A recharge round is a feature of many double-elimination tournaments. It is the possible second match between the winner of the upper bracket and the winner of the lower bracket. Whether or not there should be such a thing seems to generate strong feelings.
Heretofore, I’ve generally omitted a recharge round. In part, this reflected my general preference in the matter, but I also did it because my tournament simulator didn’t allow for such things. The new simulator is now up and running, and I was careful to structure it so that it could include recharge rounds. So now seems a good time to address the recharge issue.
Let’s begin by considering the desirability of a recharge round using the FEPS framework: fairness, efficiency, participation, and spectacle. I’ll tackle three of these factors in this post, deferring the discussion of fairness until the next post.
Let’s start with efficiency. Playing a recharge round is obviously less efficient than not playing one, but the weight of this factor depends in large part on what kind of tourney you’re running.
Consider a 16-team double elimination tourney. If shifted (A.B.C.D.|.X [.R]), you’ll play 30 matches in seven rounds without a recharge round. If unshifted (A.B.|.C.|.D.X [.R]), you’ll play the same number of matches, but will need one more round. With the recharge round, you will (about half the time) play one more match, and need one more round.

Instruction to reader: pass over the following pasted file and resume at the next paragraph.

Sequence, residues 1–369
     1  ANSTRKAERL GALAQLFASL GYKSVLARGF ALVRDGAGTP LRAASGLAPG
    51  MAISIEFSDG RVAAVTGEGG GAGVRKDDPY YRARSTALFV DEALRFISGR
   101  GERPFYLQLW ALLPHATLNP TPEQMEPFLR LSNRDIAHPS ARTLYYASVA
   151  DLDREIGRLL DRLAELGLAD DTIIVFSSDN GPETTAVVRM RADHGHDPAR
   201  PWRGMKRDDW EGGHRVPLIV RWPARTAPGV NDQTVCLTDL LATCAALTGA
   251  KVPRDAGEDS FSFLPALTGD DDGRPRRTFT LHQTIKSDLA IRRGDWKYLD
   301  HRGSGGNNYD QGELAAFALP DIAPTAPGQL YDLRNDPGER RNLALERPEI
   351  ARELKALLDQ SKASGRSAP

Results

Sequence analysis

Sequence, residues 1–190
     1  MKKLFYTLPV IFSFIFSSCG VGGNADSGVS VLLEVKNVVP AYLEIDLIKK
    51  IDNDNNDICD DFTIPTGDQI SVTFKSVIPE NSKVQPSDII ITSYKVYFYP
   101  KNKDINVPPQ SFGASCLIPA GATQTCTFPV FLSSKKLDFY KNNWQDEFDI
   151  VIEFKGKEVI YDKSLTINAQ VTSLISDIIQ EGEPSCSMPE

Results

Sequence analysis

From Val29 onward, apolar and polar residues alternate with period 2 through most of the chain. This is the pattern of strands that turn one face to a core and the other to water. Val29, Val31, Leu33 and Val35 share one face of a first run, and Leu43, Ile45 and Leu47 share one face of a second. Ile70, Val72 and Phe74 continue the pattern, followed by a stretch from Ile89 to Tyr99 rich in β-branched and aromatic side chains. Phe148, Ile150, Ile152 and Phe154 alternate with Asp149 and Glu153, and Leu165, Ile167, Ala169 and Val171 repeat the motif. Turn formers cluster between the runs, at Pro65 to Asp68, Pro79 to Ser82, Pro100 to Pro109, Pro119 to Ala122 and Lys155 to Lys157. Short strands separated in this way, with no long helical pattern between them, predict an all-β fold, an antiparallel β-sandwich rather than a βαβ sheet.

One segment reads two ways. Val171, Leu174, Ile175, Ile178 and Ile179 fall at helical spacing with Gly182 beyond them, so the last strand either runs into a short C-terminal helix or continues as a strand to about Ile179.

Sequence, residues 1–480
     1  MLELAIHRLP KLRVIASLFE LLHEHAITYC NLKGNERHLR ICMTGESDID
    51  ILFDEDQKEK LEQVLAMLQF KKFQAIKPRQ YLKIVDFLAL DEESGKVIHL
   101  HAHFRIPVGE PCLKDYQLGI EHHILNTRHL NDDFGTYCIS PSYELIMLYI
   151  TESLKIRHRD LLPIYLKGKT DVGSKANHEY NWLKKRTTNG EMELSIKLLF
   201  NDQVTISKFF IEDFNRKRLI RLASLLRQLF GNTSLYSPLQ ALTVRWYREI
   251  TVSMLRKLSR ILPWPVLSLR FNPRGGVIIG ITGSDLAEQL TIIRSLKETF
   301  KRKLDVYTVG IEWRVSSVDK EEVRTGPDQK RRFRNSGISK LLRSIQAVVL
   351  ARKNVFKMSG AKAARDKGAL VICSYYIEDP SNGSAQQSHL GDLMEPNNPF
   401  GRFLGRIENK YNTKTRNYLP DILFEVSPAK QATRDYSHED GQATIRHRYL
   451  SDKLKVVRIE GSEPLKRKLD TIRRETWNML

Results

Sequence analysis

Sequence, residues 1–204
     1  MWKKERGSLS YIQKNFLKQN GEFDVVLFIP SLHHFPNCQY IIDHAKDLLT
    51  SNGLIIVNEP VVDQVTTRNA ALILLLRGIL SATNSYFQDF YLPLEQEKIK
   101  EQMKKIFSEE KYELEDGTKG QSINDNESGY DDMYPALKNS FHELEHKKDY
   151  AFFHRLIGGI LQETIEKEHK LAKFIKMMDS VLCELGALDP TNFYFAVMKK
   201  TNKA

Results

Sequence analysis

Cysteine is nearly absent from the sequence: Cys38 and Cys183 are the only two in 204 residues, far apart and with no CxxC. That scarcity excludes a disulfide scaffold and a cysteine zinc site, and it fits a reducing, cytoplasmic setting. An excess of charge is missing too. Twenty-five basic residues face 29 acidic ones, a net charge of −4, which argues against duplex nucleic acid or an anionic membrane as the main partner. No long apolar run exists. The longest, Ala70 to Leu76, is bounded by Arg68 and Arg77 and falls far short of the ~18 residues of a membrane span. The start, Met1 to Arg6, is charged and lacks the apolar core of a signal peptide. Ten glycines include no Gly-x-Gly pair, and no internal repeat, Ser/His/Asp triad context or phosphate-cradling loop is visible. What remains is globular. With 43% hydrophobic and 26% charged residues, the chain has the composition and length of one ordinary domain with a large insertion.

If you’re running a tourney where the limited resource is the number of rounds, then, the recharge round is pretty darned inefficient–you play another whole round, but you get only one match for it. But if the limiting factor is the absolute number of matches, you’re much less concerned about the loss of efficiency.
Thus, as might be expected, recharge rounds are relatively uncommon for chess, backgammon, and other round-intensive competitions, but relatively common in, say, an intramural basketball league, where all of the games are played on the same court.
Participation is slightly enhanced by the recharge round – there’s one more match that’s played. Of course, if that match occupies time that might otherwise be given to some other competition, participation may decrease. In either event, however, participation is not a particularly salient factor.
Spectacle is a somewhat ambiguous factor, but in most cases should probably weigh against the use of a recharge round.
Spectators may enjoy the possibility of one additional round between two of the best players, but it’s a round that will be hard to profit from. You don’t know until the last moment whether or not it’s going to take place, so it’s an iffy fixture for both ticket sales and broadcast time. And the recharge round decreases interest in round that precedes it. The “X” round is no longer a real final, as it may not determine the ultimate winner. And it may be less interesting in itself because it seems lopsided. The undefeated team is probably already a favorite for the championship, so adding a recharge round makes it look even more unlikely that anyone else will win.
Recharge rounds are rarely seen in competitions that are driven by spectator interest. I’m not aware of any professional sports league that uses one. They’re found mostly, in my experience, in tournaments that see themselves primarily as amateur events. I find the case of the Little League World Series instructive. It once used a recharge round, but now that it has become an important television fixture, the recharge round has been dropped.
On these three issues, the case for the recharge round does not appear very strong. Those who argue for the recharge round generally make an argument based on fairness, and I’ll consider that aspect of the analysis in the next post.